Causes of the largest breaches


In Q1 2019, the ITRC recognized eight breaches that exposed at least 100,000 records. These breaches are summarized in the following table.


OrganizationPublication DateExposed RecordsRoot Cause
Centerstone Insurance and Financial Services d/b/a Benefitmall1/4/2019111,589Hacking/Intrusion
Columbia Surgical Specialist of Spokane2/18/2019400,000Hacking/Intrusion
UConn Health2/21/2019326,629Hacking/Intrusion
University of Washington Medical Center2/19/2019973,024Accidental Web/Internet Exposure
Health Alliance Plan3/7/2019120,344Hacking/Intrusion
Navicent Health3/22/2019278,016Hacking/Intrusion
Federal Emergency Management Agency (FEMA)3/15/20192,300,000Employee Error
ZOLL Services LLC3/18/2019277,319Not Disclosed


You can see that while Hacking/Intrusion may be the most common cause of data breaches, that doesn’t make it the most damaging. The FEMA breach exposed more records than all Hacking/Intrusion breaches put together, but it was caused by employee negligence. The second-largest breach (UW Medical) was also not caused by hacking.


Causes of most lost records in March 2019


In March 2019, ITRC began including additional information in their breach reports. This information included a breakdown of the number of records breached in that month, based on the cause of the breach.


Root causeExposed Records (%)
Employee Error/Negligence/Improper Disposal/Lost2,313,460 (69.6%)
Unauthorized Access427,356 (12.9%)
Accidental Web/Internet Exposure381,812 (11.5%)
Hacking/Intrusion178,038 (5.4%)
Physical Theft21,221 (0.6%)
Data on the Move2,088 (0.1%)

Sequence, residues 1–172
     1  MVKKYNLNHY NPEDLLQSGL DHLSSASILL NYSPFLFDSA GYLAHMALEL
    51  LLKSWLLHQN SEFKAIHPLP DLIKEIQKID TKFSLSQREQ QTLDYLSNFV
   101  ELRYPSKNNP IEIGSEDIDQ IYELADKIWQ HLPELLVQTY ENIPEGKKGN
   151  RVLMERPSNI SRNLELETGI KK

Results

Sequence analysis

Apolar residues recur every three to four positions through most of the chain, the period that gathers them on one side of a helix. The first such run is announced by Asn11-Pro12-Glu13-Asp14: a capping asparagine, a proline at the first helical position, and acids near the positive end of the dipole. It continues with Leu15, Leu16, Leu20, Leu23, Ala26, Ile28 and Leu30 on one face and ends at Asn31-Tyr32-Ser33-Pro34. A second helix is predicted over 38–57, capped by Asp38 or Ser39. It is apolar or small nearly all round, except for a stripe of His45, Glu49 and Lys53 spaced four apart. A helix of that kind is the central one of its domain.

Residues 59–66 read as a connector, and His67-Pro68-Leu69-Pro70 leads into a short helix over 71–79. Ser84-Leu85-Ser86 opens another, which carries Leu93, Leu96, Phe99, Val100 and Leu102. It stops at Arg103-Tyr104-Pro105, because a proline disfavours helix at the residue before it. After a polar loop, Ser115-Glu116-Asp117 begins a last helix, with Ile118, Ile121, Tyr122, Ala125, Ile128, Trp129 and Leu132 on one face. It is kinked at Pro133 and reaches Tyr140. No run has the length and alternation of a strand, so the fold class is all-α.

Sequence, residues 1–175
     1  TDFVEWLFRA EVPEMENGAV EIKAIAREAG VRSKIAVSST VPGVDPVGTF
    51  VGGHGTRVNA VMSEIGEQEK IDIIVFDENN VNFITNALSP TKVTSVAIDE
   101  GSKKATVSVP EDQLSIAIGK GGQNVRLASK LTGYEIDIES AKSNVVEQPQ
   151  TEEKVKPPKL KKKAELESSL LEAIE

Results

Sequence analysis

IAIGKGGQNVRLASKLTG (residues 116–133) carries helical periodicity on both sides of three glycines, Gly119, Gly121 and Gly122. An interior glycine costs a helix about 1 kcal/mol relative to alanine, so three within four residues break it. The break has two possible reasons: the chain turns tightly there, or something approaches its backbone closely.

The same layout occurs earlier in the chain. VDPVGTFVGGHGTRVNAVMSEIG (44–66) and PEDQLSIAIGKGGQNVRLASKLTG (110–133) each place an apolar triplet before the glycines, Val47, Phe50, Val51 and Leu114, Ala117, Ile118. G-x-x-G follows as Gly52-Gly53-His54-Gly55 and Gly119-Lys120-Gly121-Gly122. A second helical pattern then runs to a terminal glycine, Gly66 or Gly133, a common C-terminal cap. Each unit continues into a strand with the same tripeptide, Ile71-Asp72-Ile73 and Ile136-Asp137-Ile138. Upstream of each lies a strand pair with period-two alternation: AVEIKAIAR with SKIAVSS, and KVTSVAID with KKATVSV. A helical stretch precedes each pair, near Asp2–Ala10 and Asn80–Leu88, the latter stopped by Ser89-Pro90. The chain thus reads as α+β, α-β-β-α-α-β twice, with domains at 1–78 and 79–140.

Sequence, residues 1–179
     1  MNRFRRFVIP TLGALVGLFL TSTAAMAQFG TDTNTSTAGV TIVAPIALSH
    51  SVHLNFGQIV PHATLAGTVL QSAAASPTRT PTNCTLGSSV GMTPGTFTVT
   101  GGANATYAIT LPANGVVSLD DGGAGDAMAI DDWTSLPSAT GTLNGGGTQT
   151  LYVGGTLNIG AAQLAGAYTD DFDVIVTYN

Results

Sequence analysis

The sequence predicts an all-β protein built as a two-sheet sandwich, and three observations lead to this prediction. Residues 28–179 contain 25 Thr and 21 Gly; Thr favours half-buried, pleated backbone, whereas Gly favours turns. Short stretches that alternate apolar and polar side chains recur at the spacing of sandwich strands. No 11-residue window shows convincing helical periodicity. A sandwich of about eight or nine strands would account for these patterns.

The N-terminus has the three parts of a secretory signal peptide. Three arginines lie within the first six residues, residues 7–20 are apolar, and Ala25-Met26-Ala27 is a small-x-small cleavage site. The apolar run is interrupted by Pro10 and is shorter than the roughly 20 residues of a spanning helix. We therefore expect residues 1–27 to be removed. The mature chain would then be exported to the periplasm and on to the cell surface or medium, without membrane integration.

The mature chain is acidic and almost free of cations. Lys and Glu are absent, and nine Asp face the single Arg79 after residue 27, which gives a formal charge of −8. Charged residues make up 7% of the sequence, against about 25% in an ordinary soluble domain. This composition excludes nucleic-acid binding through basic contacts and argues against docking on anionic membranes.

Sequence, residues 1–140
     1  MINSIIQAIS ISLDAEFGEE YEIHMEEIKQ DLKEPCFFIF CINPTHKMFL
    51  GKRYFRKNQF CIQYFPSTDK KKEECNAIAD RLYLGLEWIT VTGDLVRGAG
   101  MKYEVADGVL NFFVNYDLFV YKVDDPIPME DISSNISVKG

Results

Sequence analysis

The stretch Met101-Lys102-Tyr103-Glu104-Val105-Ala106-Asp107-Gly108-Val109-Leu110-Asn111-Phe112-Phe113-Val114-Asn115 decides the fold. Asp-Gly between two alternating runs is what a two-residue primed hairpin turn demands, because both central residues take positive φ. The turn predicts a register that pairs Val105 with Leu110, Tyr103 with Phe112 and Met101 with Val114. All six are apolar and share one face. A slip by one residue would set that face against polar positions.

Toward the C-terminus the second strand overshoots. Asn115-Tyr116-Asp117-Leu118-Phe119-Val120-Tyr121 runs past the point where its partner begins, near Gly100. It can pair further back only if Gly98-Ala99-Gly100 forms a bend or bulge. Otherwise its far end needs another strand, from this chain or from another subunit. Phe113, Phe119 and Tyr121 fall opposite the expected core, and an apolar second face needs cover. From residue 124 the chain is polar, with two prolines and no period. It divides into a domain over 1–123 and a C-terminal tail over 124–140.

Insider Theft0 (0%)

As shown, employees were the cause of the majority of breached records in March 2019. While this information is skewed by the fact that 2,300,000 of the breached records were included in a single breach, the fact that the top three causes of breaches can all be considered internal errors means that organizations need to focus on fixing internal process errors as much as they need to devote time and resources to keeping attackers out.

Many Organizations  purchase generic online training materials and privacy awareness materials. Whilst these can be informative they are generalized and often do not reflect your organisations data processing operations. Bespoke training for your organization ensures your employees fully understand the importance of data privacy, enhance their data handling processes, leading to high levels of customer satisfaction

Global Data Privacy Enquiry


4 + 10 =


The Relentless  GDPR  Data Privacy  model   can be used to set benchmarks for organizations starting out can be used by organizations that have an existing privacy function and some components of a privacy program. The Relentless  GDPR  Data Privacy  model​ provides structured means to assist in identifying and documenting current privacy initiatives, determining status and assessing it against the Global privacy maturity model criteria. Complete the enquiry form for more details